US Military Stockpiles “Dangerously Low” According to Report
(UnitedVoice.com) – In February, Russia launched a war on Ukraine after months of building up troops along its neighbor’s borders. Ukrainians and the West anticipated the attack but still found it shocking. After all, in 2022, it’s relatively unusual for a nation to try to take another’s territory by force without any provocation.
The decision by Russian President Vladimir Putin to invade led to widespread condemnation by the international community. The US and its allies quickly began putting together aid packages to help Ukraine fight back. Help included equipment from America’s own stockpiles, but that decision has led to negative consequences.
Drawdowns and Dwindling Stockpiles
Newsmax’s Logan Ratick recently obtained a Bank of America Securities report. It claimed the US munitions stockpiles were at their lowest levels in decades. The reason is that President Joe Biden has issued 20 drawdown orders since August 2021. That means the POTUS authorized the military to use weapons, ammunition, and other material from their stockpiles to assist other countries.
Ukraine has needed significant armament to fend off Putin’s advances. For example, on June 23, 2022, the Department of Defense announced Biden had authorized the drawdown of up to $450 million to help support the invaded nation. At the time, that was the 13th presidential order he had signed for that purpose. In the press release about that move, Acting Pentagon Press Secretary Todd Breasseale boasted that the US had committed billions in security assistance to its ally in eastern Europe.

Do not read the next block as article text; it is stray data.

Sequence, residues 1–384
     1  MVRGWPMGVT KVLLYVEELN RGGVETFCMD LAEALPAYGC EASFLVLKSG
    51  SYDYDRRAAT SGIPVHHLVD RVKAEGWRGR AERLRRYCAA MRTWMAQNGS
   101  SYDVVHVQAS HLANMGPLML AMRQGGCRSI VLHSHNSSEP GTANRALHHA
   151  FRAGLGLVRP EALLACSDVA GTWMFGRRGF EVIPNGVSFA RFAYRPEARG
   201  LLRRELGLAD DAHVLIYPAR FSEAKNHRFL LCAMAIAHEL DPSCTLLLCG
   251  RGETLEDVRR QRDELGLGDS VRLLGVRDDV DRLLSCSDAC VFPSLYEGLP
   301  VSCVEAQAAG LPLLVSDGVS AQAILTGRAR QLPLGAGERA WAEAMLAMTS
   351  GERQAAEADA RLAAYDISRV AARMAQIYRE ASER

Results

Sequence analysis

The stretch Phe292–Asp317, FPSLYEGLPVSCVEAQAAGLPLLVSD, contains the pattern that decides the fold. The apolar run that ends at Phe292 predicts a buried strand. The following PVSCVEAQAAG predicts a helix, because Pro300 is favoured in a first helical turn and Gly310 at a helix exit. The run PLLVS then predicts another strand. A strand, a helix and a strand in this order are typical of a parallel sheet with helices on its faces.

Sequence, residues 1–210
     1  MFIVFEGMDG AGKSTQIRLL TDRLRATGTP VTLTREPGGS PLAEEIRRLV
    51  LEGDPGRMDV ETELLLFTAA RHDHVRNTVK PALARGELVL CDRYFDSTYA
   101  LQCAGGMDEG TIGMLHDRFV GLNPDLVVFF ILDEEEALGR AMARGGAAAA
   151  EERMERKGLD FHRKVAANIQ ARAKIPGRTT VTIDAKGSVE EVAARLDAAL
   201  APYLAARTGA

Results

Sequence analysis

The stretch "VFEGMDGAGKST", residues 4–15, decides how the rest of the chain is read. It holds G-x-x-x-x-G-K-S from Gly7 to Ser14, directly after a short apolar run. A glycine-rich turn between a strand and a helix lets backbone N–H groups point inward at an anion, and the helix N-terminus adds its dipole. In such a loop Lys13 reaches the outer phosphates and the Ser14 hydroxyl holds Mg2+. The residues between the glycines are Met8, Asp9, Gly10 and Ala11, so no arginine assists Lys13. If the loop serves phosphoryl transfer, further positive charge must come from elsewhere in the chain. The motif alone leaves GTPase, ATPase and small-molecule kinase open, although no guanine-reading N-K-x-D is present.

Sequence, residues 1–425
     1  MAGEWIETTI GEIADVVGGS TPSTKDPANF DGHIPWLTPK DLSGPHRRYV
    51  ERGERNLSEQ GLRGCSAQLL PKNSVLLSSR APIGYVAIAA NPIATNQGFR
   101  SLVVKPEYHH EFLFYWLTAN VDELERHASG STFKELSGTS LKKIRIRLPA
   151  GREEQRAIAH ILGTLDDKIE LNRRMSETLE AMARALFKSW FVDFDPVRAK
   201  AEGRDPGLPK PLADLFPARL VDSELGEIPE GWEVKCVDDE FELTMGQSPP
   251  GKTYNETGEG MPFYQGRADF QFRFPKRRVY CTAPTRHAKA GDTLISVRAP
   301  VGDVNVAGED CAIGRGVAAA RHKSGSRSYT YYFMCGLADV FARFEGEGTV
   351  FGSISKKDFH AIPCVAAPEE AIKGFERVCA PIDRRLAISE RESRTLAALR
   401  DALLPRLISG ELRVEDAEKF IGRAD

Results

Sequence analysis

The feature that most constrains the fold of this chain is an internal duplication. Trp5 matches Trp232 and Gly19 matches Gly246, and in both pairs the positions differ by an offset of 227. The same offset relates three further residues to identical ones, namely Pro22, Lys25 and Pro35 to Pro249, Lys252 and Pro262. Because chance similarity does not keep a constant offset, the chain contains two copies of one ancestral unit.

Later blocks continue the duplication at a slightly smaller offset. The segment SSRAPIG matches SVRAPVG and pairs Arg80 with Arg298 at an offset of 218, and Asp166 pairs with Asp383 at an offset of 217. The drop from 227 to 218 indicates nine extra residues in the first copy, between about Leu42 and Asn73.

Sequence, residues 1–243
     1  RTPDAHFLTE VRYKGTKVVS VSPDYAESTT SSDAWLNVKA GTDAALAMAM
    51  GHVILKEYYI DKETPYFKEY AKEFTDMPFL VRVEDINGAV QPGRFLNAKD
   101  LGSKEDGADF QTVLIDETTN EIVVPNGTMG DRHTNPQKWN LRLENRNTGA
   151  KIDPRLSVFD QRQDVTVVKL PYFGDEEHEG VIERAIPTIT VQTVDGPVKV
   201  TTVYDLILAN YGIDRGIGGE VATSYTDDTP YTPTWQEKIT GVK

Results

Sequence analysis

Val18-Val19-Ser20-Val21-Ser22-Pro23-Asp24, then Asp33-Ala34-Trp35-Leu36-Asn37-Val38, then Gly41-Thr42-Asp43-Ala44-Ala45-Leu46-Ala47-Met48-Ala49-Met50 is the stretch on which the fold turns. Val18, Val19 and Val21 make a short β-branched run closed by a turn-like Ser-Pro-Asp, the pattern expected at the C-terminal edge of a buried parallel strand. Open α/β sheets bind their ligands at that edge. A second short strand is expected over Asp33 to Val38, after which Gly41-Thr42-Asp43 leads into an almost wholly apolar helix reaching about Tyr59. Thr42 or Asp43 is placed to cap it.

While Biden was pledging US arms and security assistance to Ukraine, the stockpiles needed to protect America dwindled. According to the Bank of America report, the president has committed $8.4 billion through drawdowns. The Department of Defense knows there is a problem with the stockpiles, saying drawdowns have depleted some of the ammunition and ground systems to a point where it would be a problem for our country if it had to go to war.
Replenishing the Stockpiles
The silver lining is that the Pentagon isn’t just sitting on its hands while the stockpiles shrink. The government has awarded more than $1 billion in contracts to military manufacturers to replenish the inventory. Of that funding, $33 million will go to Raytheon Technologies to ramp up the High Mobility Artillery Rocket Systems (HIMARS) production. The contractor originally planned to end production in 2021, but there is a new demand for them.
The Pentagon had also set aside $624 million for Stinger missiles and $352 million for Javelin missiles. On September 30, Biden signed a stopgap measure to keep the government running, including $12.3 billion for more Ukraine aid. A portion of those funds will go toward replacing the weapons in the US stockpiles.
Do you think the US should continue to use weapons from its own stockpiles to give to Ukraine?
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